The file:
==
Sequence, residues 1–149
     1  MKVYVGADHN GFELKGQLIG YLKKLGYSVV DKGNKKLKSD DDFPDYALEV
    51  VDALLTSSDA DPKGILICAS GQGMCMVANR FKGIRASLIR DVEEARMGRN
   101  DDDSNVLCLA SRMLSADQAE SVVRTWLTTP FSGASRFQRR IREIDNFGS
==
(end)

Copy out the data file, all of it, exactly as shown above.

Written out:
Sequence, residues 1–149
     1  MKVYVGADHN GFELKGQLIG YLKKLGYSVV DKGNKKLKSD DDFPDYALEV
    51  VDALLTSSDA DPKGILICAS GQGMCMVANR FKGIRASLIR DVEEARMGRN
   101  DDDSNVLCLA SRMLSADQAE SVVRTWLTTP FSGASRFQRR IREIDNFGS